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Civil rights are the rights that all people should have in a free democracy.
A civil right is an enforceable right or privilege, which if interfered with by another gives rise to an action for injury. Examples of civil rights are freedom of speech, press, and assembly; the right to vote; freedom from involuntary servitude; and the right to equality in public places. Discrimination occurs when the civil rights of an individual are denied or interfered with because of their membership in a particular group or class. Statutes have been enacted to prevent discrimination based on a person's race, sex, religion, age, previous condition of servitude, physical limitation, national origin, and in some instances sexual preference. 
Liberals and civil rights Edit
In it's more traditional meaning, Civil Rights were distinct from Political Rights and Social Rights. Liberals were liberals because they advocated a liberal application of and liberal interpretation of those rights. Liberals believed that Civil Rights were a type of rights that were intrinsic in Mankind, the right to life, the right to Liberty, the right to own property, and the right to insure their safety.
Liberals still believe in universal Human rights, and those rights are in most ways the equivalent of the more traditional understanding of Civil Rights. Liberals still believe that those traditional civil rights are intrinsic in all mankind, and are appropriate for all people in all political systems.
Civil rights are what should prevent powerful people like Neocon governments or fat cat bankers or industrialists, Kings, Dictators or Theocrats from trampling on ordinary people. These are the types of rights that are written in:-
- The Constitution of the United States
- The Universal Declaration of Human Rights
- The European Convention on Human Rights
People’s civil rights are infringed if they are not treated equally because of their sex, their ethnicity, because they are gay, because they don’t follow the same religion as the dominant group in places like the United States Bible Belt. There also are more serious issues like freedom from slavery or involuntary servitude.  
Confusion and Controversy Edit
The word Civil has come to have multiple meanings. Civility in social situations is not a civil right. Civil Rights are meant to limit the actions of Governments, Political entities, and those who enjoy special relationships with Governments or Political entities.
We may be Liberals, and we may prefer that all people treat each other with civility, but we absolutely do not claim government has or should have the power to compel good manners in a purely social situation. On the other hand, we believe that people shouldn't have the right to treat each other with incivility to the point of provocation, and have no right to insist that government protect their doing so.
People still have the right to think what they wish, to express those thoughts, or to be offensive. They just don't have the right to do so with the power of government.
As an example, the right to be legally married is a civil right. The marriage is sanctioned by government and conveys legal entitlements to the persons married. That particular power is given both to government and to Religious institutions. Government has the power to grant or recognize marriage. Government does not have the power to compel marriage, nor to compel Religious Institutions to grant or recognize marriages.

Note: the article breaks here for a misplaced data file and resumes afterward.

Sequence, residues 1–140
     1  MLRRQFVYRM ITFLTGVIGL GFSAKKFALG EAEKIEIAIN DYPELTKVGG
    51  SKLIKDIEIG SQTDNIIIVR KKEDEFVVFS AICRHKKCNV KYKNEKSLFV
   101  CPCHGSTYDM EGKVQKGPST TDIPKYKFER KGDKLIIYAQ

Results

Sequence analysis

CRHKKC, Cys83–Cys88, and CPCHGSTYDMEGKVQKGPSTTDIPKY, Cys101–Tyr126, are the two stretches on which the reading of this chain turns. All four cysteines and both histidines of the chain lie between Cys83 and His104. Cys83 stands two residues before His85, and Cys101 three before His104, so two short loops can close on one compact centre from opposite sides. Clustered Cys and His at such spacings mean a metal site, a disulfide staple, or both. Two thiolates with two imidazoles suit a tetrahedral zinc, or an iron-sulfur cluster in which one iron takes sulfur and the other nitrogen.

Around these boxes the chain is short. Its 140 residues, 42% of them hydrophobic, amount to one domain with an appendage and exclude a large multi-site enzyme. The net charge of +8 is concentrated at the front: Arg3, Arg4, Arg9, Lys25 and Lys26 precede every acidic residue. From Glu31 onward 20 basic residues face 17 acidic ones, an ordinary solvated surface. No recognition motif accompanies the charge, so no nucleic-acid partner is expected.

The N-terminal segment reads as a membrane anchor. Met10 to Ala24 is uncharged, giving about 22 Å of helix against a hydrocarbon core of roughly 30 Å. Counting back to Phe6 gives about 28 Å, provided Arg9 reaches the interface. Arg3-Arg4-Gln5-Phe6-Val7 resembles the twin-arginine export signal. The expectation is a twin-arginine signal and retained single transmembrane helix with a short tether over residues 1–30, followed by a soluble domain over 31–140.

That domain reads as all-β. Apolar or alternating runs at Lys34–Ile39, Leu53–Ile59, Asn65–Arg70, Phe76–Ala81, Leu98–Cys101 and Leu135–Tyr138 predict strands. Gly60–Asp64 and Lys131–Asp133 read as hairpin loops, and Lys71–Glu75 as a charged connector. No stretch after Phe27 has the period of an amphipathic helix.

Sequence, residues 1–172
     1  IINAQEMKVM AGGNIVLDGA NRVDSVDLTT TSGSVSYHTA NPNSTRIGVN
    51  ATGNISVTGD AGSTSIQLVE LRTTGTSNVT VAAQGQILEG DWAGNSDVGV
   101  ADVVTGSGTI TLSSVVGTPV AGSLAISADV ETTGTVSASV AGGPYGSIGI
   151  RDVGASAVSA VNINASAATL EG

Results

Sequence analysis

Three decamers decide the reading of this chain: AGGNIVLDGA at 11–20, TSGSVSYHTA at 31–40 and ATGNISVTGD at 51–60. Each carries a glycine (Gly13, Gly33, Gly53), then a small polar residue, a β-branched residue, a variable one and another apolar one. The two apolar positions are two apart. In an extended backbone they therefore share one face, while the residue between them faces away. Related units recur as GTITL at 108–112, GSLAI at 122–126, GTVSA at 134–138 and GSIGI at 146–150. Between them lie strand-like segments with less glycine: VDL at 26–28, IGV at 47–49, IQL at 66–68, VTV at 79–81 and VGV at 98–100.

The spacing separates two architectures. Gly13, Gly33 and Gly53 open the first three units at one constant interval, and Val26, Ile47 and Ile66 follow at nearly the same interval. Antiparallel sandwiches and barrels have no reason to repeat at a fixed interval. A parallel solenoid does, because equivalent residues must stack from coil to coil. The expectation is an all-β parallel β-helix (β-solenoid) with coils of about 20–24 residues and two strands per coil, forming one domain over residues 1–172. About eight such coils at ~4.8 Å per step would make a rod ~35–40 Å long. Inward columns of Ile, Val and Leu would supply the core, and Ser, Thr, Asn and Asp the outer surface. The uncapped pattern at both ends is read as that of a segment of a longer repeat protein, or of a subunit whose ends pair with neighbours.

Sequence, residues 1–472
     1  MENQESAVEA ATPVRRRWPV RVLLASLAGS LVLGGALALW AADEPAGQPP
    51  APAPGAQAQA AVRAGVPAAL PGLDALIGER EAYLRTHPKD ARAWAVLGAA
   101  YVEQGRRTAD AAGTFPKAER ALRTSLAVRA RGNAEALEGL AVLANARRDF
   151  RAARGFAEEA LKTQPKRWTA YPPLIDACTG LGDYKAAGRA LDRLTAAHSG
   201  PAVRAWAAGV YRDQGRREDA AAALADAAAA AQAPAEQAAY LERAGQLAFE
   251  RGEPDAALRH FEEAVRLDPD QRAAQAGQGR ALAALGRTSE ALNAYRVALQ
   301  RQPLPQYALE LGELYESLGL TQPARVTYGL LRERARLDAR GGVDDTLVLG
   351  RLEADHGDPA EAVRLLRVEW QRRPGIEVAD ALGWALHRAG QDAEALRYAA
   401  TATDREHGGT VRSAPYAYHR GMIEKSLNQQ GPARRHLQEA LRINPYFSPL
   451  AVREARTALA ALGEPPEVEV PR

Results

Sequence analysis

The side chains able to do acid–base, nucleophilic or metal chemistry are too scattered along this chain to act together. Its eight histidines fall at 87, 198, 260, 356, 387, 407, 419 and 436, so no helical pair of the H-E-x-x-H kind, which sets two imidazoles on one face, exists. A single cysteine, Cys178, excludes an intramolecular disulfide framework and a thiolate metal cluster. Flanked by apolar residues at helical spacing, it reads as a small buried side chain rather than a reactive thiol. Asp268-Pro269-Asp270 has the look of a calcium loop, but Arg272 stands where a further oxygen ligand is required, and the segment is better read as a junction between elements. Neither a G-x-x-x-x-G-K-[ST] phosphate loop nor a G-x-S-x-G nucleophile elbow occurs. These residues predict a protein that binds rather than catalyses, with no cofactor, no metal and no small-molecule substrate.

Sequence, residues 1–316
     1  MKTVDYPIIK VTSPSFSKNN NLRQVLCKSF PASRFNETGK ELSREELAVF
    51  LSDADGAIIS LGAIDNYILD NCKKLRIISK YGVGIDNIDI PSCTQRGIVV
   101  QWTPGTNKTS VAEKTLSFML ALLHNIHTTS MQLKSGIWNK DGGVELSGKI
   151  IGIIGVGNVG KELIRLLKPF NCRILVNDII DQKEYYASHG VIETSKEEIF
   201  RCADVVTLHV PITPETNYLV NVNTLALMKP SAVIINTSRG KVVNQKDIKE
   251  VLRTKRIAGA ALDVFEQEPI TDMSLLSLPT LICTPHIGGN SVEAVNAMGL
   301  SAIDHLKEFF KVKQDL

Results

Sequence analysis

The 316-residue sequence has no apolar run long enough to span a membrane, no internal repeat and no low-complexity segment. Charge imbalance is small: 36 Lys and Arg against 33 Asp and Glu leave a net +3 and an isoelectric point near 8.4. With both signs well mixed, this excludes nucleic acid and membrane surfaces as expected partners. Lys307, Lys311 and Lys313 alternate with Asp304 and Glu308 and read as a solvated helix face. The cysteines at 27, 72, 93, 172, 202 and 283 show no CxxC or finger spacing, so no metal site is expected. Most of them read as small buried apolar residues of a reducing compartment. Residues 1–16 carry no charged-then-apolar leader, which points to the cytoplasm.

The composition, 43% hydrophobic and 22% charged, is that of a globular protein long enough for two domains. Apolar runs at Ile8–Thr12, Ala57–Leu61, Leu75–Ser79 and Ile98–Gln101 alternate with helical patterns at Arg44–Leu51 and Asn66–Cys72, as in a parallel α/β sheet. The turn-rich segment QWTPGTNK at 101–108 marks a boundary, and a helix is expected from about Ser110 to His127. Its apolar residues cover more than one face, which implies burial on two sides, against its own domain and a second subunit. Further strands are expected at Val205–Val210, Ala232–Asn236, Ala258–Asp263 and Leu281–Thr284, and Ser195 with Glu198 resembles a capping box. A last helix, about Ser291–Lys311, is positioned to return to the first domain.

Now for the controversy part. Some governments have differing powers. In the US, governmental powers are limited. Other governments have the power to compel more aspects of public behavior than governments in the US do, and some people in the US would prefer that our government had more such power. We're Liberals, so we'd prefer a liberal interpretation of our rights, and that means a limited interpretation of governmental rights when it comes to our purely social actions. Some people would like to extend governments power into public places, like streets and parks and businesses.
Now, personally, I can see extending governmental powers somewhat in the case of streets and parks which belong to governments anyway, that's reasonable. Extending governmental power into business gets a bit more tricky. If the business is an artificial entity that can only exist by way of government, say a corporation or LLC, I might not object too vigorously to requiring civility of employees. However, extending governmental power into an individually owned business, or a partnership is probably not a power given to government, unless the business is one granted by government (for example, an public establishment serving liquor in some jurisdictions).
Extending government power into a religious institution is specifically denied to government, and should stay that way unless the religious institution receives government support or tries to extend it's exemption into the marketplace. Extending government power to limit private people's freedom of speech, isn't possible. Government doesn't have the power, and we like it that way.
In all cases of civility and civil rights, government has the power to grant some legal rights, but has only limited power to grant the expectation of civility. Even when Government has the power to grant the expectation of civility, we have to ask ourselves if it's worth the effort. Some changes need to progress slowly. If we try to mandate change too quickly, we risk creating such resentment that it will erode respect for government to such an extent that it's counterproductive.